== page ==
From the email marketing I have done, I have learned that piquing a reader’s curiosity works well. Just make sure that you aren’t creating click bait. Pique their curiosity with something that you know they will actually want to have looked at once they get there.

For example, you may say something like this in your email, “I was so excited when I saw this product come into the store.” You then link the word “this” to the product you are talking about.

You may also want to put a P.S. at the bottom to give the email some personality. There you might say something like “We have loved how perfect this product is for summertime!” Again, linking “this product” to something in your store. In my experience, people click on things in the P.S.

 

Create Great Subject Lines

If you want to decrease the chance of your emails being filtered out by spam filters, be mindful of the types of things they look for. Don’t use language in your subject title that will look like spam. Words such as “free”  may cause your email to be stopped in its tracks.

Do spend time on your subject line. Take a look at your own inbox and notice which promotional emails you want to open.

Why? Do they pique your curiosity? Do they promise savings inside? Will they show you something new and exciting?

Apply these principles in your own email marketing. Take ten minutes to brainstorm a list of great subject lines. Once you have your list, show it to your coworkers or employees and get their feedback.

Test your email subject line by sending a test email to yourself. I always view emails on mobile devices. This way I can see if part of my subject line will be cut off because of its length.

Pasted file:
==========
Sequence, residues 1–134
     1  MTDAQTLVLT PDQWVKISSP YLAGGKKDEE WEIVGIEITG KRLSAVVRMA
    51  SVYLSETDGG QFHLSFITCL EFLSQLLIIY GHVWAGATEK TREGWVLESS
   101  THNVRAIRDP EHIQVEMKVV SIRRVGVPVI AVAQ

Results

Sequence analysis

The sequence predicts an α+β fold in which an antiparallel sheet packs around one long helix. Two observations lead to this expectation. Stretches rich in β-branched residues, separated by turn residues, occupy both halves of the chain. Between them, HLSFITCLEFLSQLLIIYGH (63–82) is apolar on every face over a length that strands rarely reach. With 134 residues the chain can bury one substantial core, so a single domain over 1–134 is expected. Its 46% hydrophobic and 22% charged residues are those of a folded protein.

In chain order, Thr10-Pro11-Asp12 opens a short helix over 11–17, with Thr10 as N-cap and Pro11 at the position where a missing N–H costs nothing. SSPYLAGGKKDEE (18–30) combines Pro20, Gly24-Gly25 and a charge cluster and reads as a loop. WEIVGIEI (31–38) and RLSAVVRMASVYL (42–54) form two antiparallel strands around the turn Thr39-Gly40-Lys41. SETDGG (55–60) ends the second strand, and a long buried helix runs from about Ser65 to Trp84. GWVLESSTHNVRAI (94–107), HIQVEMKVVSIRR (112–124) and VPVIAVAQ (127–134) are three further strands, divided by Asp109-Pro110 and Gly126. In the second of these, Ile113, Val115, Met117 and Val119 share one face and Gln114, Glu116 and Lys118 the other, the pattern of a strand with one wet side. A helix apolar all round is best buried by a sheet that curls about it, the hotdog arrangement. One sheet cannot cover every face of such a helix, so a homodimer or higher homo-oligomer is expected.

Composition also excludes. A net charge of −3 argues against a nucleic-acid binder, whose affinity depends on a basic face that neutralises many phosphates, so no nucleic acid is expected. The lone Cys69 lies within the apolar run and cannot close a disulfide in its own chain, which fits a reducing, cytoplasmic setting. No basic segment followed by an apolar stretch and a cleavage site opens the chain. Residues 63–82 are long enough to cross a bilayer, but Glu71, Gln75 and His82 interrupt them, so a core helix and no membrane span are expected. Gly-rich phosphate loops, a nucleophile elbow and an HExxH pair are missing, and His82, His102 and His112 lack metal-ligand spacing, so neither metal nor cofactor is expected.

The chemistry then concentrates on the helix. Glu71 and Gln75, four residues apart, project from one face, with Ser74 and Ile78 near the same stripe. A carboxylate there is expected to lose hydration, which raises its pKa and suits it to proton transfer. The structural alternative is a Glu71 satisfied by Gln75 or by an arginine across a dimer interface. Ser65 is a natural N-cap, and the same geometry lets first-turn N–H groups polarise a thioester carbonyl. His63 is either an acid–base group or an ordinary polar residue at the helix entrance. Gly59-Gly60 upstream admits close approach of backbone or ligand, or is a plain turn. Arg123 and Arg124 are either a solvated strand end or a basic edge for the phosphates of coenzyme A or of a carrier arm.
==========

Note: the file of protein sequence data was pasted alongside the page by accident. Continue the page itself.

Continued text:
Coming up with a great subject line is worth your time. It could make the difference between a customer exploring what your store has to offer, and your email getting deleted before it ever gets opened.

35% of email recipients open email based on subject line alone.Click To Tweet

Convinceandconvert.com

 

It’s How You Say It: Tone

If you want to not only avoid spam filters, but also meet your email goals (discussed next), choose a tone that is relatable. Let consumers know that a real person wrote the email that they’re reading. Don’t be afraid to show your excitement about your products and services. After all, Software Advice found that 65% of customers prefer a casual tone in their email.

Many of the emails our company sends out are written from a specific person with that person’s name and photo at the bottom.

We also use code that inserts a subscriber’s first name so we can say, “Happy Friday, Scott!”
Using names, and speaking in a casual, yet still professional tone, helps you connect with your readers and develop a relationship with them that will encourage them to keep reading your emails.

 

Work Towards Email Goals

Most importantly, have a goal in mind for each email you send.

Is your goal to get email openers to click on a link to your store’s new products?

Is your goal to have them print out a coupon and bring it into the store?

Whatever it is, be sure to make the action easy and obvious for readers to complete. Tell them where to click to learn more about a product or upcoming event, etc.  For the best success,  measure how effective your email is by tracking traffic to your online store (Google Analytics is a great free tool that allows you to do this) or tracking coupons used from your email, etc. Then adjust your tactics based on those results.